Goldilocks didn’t want to lie down on a bed that was too soft or too hard. Only when the mattress was just right would she rest. It turns out that bacteria behave similarly. A new study by MIT researchers demonstrates that bacteria adhere poorly to soft surfaces and stick to firm ones. The findings challenge conventional wisdom and could hold the key to creating better antibacterial coatings. The researchers have also created soft polymer films that might serve as antibacterial coatings for medical devices and other objects on which harmful bacteria congregate.
Preventing bacteria from adhering to medical devices is critical to combatting biofilms, a major cause of hospital-acquired infections. Biofilms are sticky, antibiotic-resistant bacterial colonies that commonly form on catheters, the hulls of ships, water-treatment pipes, and even inside the lungs and inner ear. There is no foolproof method for preventing biofilm formation; once they’re established, biofilms are difficult to eradicate because traditional antibiotics can’t get through the films’ sticky secretions to kill the individual bacteria. “Biofilms are such a complicated problem. They’re an incredibly important and ubiquitous thing, yet there’s no really good solution,” says David Weitz, an applied-physics professor at Harvard University who was not involved in the research.
Biofilms are an area of intense research in microbiology, but until the recent MIT study, no one had tested whether changing the mechanical stiffness of a surface would affect their formation. Krystyn Van Vliet and Michael Rubner, both professors of materials science and engineering at MIT, investigated the behavior of E. coli and a strain of Staphylococcus responsible for many hospital infections. The bacteria were incubated on polymer films whose stiffness was controlled with great precision. Van Vliet and Rubner found that these two very different bacteria shared a sensitivity to surface mechanics. The number of bacteria that will adhere to a stiff surface is orders of magnitude greater than that of the bacteria that will stick to a soft one. And the soft films, created by dipping an object into water-based solutions of biocompatible polymers, “can coat anything,” says Van Vliet.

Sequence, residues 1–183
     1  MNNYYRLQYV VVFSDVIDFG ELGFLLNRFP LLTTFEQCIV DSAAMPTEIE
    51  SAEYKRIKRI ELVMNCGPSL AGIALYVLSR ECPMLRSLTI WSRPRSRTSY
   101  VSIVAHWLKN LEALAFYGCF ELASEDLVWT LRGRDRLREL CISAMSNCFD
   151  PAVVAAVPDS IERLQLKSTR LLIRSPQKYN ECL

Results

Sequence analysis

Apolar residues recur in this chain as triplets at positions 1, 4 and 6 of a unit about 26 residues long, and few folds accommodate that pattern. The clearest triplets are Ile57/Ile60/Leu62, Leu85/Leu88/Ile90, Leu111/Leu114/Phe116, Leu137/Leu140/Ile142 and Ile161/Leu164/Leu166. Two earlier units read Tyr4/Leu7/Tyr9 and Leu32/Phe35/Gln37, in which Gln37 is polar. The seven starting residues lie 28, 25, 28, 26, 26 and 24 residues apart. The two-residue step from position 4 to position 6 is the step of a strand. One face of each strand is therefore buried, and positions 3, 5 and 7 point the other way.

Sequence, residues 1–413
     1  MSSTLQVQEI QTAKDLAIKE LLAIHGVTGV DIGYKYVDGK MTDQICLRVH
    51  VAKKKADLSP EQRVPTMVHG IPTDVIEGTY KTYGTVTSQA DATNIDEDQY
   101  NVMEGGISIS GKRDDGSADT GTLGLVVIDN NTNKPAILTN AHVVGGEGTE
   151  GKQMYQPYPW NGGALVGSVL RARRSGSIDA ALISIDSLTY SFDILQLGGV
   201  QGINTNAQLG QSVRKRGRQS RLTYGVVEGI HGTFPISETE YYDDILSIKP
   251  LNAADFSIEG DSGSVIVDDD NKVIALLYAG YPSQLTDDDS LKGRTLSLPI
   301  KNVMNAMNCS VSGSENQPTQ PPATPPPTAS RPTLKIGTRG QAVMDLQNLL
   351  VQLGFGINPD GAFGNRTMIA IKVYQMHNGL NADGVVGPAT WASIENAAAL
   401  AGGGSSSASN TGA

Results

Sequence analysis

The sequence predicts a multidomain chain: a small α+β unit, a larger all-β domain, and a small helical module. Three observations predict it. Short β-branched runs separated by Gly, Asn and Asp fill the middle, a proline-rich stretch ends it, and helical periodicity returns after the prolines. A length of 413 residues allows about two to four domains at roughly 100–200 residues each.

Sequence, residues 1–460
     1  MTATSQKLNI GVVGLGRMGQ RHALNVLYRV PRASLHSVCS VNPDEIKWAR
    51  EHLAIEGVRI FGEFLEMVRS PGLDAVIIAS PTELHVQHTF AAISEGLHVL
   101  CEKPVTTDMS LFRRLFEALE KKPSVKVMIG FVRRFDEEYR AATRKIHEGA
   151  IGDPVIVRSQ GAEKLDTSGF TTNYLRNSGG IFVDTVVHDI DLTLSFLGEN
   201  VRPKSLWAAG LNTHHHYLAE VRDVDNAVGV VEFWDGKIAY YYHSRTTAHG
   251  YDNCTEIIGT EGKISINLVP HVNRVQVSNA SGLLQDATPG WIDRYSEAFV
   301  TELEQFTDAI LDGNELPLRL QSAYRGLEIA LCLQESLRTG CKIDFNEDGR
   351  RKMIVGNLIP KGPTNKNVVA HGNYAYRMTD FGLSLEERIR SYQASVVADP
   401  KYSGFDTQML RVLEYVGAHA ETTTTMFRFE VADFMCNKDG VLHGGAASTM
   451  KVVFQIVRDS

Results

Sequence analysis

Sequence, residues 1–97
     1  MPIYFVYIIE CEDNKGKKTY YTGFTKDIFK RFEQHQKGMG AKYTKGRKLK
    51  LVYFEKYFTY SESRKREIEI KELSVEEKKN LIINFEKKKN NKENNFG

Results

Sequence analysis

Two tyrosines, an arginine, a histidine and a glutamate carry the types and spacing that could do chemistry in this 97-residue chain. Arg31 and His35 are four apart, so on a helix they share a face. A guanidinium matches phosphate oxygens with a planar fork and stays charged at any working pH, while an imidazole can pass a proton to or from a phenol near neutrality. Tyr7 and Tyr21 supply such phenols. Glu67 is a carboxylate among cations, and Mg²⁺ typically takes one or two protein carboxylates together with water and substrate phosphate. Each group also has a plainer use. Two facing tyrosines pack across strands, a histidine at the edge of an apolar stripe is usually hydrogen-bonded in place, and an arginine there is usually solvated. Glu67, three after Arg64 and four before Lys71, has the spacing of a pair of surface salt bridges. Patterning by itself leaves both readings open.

“This absolutely goes against the conventional wisdom,” says Wendy Thomas, a bioengineer at the University of Washington. “It’s very exciting.” Only very recently have biologists had sensitive enough tools to study how mechanical forces affect cells. Using atomic force microscopy and other tools from materials science, researchers have investigated questions such as how a blood-vessel cell is affected by the flow of liquid over its surface. But biologists had assumed that bacterial cells, which are simpler than animal cells, didn’t have the internal structures necessary to respond to mechanical stimuli.
Van Vliet says that she and her collaborators spent two years on these studies in order to be certain that they were observing mechanical effects and not something else. “You have to control for all the other regulators of adhesion,” she says, “and catalogue everything about the materials,” including surface charge, roughness, and hydrophobicity.
“What she’s done here is a really careful study to isolate just the stiffness,” says Weitz.
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